Purpose and profit

27th March 2019

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Nick Clack

David Logan asks what the role of private companies is in modern society

Private companies and multinationals have been around since the beginning of recorded history, but it wasn't until the founding of the charter companies, such as the Dutch, French and British East India companies, in the early 17th century that our modern understanding of multinational business came about.

People forget that it was not the British state that conquered India, but the British East India Company, a business that came to operate as a state and even had its own army and navy. It has been accused of all kinds of bribery, corruption and human rights abuses, and was only relieved of its power in India in the 1860s.

Around the world, the activities of multinationals were intimately connected with colonialism and exploitation. In the West, the appalling conditions in the factories of businesses that grew up with the industrial revolution were enough for Karl Marx and his collaborators to condemn the capitalist system as inherently unjust and exploitative. Marx argued that capitalism must be overthrown by force where necessary and replaced by a social system without any form of private enterprise. This was an idea that triumphed in the Russian Revolution of 1917 and subsequently held great sway over the world. The period following the Second World War was predicated on growing the power of the state and eliminating or reducing the presence of private firms. China, for example, turned communist in 1949, and countries as diverse as India and Sweden became staunchly socialist and very controlling of private enterprise and international trade. This lasted until the collapse of the Berlin Wall in 1989.

During the past 30 years we have lived through a remarkable transformation of human society. The communist ideal that society can be organised with no or minimal private enterprise has all but died, only surviving in places such as North Korea and Cuba. Private for-profit firms are back in huge numbers around the world, and multinationals again have an open global economy in which to operate.

Three-sector society

With the collapse of communism and the retreat of socialist ideology, a new and increasingly common social system has begun to emerge around the world, based on three formal sectors: government; for-profit; and non-profit. These all operate within the context of an informal sector. This development has been led by a revitalised for-profit sector, which is the major player in many societies today (as Figure 1, left, shows). The state or public sector remains important, but the private for-profit sector and a rapidly growing non-profit sector have emerged to complement it in post-communist countries and other societies.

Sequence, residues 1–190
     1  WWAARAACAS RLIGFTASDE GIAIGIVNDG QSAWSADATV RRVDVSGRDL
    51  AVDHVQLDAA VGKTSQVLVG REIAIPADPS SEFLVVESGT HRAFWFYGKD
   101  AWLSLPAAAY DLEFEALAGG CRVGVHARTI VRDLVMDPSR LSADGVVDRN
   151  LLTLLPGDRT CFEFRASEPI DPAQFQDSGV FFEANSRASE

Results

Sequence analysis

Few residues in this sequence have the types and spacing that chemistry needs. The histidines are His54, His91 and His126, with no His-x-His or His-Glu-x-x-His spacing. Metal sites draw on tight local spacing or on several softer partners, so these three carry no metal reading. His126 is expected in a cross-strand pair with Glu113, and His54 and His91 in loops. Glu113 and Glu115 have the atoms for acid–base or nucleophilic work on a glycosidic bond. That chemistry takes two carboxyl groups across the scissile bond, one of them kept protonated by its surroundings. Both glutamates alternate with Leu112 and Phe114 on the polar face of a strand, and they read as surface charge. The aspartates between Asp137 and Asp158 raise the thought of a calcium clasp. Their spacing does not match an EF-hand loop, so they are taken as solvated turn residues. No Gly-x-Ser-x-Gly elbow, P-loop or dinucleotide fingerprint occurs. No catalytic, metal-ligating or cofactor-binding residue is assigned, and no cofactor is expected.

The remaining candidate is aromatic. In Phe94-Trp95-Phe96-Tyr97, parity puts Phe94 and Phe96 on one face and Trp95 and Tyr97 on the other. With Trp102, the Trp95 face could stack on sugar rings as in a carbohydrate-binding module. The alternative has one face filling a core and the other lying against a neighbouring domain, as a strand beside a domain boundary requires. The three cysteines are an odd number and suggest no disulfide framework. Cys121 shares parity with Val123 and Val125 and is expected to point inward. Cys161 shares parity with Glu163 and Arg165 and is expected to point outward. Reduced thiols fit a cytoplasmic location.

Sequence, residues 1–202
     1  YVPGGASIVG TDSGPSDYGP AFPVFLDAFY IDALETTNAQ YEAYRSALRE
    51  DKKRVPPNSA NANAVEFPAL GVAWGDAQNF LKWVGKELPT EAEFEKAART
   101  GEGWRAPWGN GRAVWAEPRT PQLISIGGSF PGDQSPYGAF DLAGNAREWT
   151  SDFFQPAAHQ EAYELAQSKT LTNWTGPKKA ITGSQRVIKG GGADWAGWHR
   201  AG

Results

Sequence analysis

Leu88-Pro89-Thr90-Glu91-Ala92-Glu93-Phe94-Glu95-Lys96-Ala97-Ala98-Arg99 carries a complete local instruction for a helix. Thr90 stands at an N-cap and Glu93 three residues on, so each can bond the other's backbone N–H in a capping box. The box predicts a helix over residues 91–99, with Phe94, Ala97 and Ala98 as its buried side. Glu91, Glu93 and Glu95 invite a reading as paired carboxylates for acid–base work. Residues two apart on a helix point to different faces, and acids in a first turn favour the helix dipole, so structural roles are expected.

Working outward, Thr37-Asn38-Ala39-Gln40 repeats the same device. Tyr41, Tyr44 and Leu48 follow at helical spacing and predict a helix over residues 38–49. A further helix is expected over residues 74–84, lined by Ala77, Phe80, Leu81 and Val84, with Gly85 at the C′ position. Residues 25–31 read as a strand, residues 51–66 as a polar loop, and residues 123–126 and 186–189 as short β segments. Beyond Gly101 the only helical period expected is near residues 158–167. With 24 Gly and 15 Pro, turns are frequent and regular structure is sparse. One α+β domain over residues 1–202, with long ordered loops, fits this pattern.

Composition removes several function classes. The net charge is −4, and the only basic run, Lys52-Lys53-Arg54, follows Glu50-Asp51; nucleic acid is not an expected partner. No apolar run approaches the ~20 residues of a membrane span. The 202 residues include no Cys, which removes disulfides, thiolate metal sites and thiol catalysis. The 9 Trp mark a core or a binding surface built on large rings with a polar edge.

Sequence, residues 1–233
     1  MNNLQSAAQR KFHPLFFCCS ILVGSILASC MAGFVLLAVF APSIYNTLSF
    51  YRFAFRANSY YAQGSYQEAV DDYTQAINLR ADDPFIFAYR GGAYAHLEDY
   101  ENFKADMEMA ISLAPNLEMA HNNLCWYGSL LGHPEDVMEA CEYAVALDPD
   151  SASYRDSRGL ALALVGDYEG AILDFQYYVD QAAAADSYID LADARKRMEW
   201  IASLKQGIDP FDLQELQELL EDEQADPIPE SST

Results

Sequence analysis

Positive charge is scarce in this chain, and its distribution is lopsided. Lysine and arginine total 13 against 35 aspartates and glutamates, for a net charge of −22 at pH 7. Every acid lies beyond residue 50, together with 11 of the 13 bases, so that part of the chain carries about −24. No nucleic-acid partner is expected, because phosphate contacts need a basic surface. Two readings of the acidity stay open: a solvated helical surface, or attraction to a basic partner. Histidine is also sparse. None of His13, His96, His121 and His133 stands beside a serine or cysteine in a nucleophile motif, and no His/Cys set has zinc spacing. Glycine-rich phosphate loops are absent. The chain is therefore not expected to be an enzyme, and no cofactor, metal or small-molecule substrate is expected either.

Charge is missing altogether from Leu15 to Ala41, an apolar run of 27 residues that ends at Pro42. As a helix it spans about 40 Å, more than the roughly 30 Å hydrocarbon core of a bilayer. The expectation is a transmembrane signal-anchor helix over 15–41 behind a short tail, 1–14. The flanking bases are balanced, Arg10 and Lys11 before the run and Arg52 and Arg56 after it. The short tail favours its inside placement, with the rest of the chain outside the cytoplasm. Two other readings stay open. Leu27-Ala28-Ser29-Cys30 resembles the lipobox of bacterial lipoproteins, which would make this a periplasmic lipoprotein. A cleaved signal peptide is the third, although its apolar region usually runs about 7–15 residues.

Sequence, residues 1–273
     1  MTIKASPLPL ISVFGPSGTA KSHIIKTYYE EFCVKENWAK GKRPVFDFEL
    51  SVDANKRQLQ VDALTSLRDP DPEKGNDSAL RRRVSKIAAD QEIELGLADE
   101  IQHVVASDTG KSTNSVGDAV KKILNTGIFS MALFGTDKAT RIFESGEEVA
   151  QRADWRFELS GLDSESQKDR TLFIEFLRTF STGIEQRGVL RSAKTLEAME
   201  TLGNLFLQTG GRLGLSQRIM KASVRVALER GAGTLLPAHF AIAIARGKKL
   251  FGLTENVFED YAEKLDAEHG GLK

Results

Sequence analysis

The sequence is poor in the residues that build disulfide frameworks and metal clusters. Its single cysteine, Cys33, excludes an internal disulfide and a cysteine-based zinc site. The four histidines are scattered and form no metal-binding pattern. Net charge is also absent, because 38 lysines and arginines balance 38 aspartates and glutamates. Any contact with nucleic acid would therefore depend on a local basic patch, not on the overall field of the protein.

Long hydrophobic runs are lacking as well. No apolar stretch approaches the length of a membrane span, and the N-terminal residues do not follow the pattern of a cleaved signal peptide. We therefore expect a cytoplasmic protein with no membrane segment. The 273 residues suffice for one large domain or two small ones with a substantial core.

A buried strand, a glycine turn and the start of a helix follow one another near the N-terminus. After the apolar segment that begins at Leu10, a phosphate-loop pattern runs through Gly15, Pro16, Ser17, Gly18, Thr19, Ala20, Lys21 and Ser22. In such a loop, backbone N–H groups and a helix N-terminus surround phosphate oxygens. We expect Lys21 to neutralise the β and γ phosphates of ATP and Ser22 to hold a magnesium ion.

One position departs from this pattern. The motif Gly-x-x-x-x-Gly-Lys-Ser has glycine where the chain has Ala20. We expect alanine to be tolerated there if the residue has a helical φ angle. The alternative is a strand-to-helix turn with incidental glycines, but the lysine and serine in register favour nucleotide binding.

Figure 1 does not show the number of people working in the non-profit and informal sectors because it is very difficult to obtain data on a comparable basis across all four sectors, but generally employment in the non-profit sector is small – only about 8% of employment in developed countries such as the US, and 2%-4% in countries where the model is less developed. In China, private companies now have established status, but the non-profit sector is yet to be legally recognised; non-profit institutions such as Buddhist Global Relief exist in China because they provide services that people need.

The informal sector is especially significant in the least developed countries. In Africa, for example, it is estimated that about 80% of the population is working and subsisting in the informal sector – but its role is not measured on a consistent basis with the formal sectors.

The decline of state power in the economy started in the late 1970s, when Deng Xiaoping became leader of the Chinese Communist Party and introduced what he called 'capitalism with Chinese characteristics'. At that time, 100% of the people of China worked for the state; today it is about 22% of the population, as Figure 1 shows. The large majority of Chinese employees now work for various types of private companies.